16 October, 2015
Elle Spring is an Advocacy Support Officer at CBM Australia. For International Day for the Eradication of Poverty, Elle reflects on the achievements of global efforts to resolve poverty and what is possible by 2030.
Today, we celebrate the International Day for the Eradication of Poverty. Last month, world leaders met in New York to adopt the Global Goals – 17 goals for global development that will transform our world over the next 15 years. Ending poverty – in all its forms, everywhere – is goal number one.
Eradicating global poverty in 15 years sounds like an impossible task. An ambitious vision with all of the right intentions, but surely it’s just a vision? Not necessarily.
In 2000, in what was the largest gathering of world leaders in history, a commitment to resolve poverty and its causes was pledged.
And now, 15 years on, we live in a world where global poverty has been halved; where 43 million more children of primary school age attend school; and where the number of undernourished people in developing regions has dropped by almost half.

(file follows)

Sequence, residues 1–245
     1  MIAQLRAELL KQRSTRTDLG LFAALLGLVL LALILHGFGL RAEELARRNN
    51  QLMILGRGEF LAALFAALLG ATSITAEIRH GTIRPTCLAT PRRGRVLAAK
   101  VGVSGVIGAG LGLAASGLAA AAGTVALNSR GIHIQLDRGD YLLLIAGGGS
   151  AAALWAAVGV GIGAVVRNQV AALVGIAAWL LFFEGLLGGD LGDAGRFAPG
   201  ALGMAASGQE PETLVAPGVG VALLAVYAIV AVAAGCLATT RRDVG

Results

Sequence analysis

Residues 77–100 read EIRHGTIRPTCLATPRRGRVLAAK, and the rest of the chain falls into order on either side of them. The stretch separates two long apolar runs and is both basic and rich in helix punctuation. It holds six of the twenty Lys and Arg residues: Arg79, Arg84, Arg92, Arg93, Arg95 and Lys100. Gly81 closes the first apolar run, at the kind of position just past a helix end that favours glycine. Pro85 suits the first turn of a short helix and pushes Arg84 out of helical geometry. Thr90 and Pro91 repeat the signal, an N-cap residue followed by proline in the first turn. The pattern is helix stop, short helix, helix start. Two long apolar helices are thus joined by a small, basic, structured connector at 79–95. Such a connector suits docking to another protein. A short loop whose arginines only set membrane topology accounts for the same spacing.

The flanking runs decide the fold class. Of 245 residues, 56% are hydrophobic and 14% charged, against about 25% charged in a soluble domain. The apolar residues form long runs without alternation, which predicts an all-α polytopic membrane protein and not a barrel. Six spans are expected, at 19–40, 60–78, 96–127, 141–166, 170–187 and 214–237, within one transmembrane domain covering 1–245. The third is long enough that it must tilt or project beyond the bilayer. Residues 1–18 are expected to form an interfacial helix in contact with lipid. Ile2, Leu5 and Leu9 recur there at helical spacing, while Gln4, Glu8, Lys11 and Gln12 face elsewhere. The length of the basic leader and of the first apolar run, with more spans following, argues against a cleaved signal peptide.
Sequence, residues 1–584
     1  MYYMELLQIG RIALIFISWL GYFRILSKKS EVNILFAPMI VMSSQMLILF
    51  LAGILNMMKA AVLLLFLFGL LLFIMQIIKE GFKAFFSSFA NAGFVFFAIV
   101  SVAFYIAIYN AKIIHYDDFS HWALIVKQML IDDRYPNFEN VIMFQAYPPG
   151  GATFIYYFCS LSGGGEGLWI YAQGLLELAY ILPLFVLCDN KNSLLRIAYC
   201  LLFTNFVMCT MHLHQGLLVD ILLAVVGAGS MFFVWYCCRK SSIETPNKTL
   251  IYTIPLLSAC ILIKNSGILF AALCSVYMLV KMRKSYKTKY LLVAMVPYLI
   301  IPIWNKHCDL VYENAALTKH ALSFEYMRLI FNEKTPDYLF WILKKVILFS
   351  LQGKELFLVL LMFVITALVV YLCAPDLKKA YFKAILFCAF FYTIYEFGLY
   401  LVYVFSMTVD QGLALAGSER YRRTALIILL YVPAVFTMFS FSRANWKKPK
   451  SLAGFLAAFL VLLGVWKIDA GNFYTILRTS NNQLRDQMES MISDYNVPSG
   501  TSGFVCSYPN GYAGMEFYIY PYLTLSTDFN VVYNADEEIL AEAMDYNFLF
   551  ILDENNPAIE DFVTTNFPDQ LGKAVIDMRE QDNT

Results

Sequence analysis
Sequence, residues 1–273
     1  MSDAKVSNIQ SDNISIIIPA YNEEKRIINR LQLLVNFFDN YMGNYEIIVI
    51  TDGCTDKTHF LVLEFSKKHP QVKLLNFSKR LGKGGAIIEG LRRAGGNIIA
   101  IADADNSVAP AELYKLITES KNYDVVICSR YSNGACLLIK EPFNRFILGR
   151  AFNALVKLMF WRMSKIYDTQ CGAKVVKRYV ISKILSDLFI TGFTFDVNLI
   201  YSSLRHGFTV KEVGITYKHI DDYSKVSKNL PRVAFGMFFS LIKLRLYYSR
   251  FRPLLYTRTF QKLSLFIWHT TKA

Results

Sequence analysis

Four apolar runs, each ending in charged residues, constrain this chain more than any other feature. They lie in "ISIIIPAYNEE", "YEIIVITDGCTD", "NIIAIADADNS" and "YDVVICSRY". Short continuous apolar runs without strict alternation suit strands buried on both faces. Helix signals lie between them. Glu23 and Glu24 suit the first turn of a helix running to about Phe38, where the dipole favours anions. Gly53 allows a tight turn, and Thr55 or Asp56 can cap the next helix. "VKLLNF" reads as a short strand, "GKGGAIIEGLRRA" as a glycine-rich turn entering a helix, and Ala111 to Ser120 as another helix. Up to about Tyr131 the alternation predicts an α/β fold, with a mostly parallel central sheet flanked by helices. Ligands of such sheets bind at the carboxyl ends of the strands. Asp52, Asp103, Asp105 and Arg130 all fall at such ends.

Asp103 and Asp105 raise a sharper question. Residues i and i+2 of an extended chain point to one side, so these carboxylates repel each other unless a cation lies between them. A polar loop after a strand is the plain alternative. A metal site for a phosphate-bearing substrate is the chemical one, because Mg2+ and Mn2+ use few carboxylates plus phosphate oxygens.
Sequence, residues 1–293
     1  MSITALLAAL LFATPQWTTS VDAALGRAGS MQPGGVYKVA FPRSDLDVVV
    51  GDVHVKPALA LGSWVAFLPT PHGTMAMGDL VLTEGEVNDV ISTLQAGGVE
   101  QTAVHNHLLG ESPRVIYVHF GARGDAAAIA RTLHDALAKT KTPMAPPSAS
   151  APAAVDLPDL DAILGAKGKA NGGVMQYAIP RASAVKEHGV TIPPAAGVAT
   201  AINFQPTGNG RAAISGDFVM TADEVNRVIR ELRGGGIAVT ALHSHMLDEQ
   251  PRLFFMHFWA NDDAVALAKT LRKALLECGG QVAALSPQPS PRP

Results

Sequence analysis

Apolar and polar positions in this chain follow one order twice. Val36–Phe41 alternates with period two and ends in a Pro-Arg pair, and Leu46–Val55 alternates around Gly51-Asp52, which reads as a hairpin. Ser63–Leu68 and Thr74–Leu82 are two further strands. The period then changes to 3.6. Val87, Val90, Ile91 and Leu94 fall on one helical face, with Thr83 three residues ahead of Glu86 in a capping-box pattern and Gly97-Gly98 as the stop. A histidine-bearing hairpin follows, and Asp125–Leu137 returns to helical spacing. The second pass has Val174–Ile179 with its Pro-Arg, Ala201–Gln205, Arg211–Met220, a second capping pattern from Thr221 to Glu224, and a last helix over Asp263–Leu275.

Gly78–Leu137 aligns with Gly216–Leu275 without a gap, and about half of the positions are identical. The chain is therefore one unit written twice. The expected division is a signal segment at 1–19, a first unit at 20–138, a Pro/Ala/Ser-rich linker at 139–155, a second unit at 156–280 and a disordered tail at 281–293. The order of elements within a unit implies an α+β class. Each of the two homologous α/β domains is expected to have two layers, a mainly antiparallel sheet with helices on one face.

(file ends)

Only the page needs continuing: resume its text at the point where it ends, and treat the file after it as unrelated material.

But to end poverty in all its forms everywhere, the efforts must be inclusive of all people. Globally, there are one billion people with disability, and they were left behind in the previous pledge to resolve poverty and its causes.
Poverty and disability often interact to create a cycle. Poverty can cause disability through many factors, such as inadequate nutrition, lack of access to clean water and sanitation, and unsafe working conditions.
In turn, disability can contribute to and deepen poverty, as a person with disability is less likely to have access to rehabilitation, health care, education and employment opportunities.
Therefore, to achieve a world free from all forms of poverty everywhere, people with disability – who make up 15 per cent of the global population – must be included in, benefit from and contribute to poverty eradication efforts.
As the great Nelson Mandela said in his 2005 speech for the Campaign to Make Poverty History:
“Poverty is not natural. It is man-made and it can be overcome and eradicated by the actions of human beings. And overcoming poverty is not a gesture of charity. It is an act of justice. It is the protection of a fundamental human right, the right to dignity and a decent life. While poverty persists, there is no true freedom.”
Ending poverty in all its forms everywhere is upholding a fundamental human right for all people of all abilities. Leaving no one behind is a theme of the Global Goals, which reference the inclusion of people with disability.
By 2030, we could live in a world where the eradication of poverty has been achieved. The previous pledge of resolving poverty and its causes shows us that no matter how ambitious the vision, if there is concentrated and collaborative action, it is possible.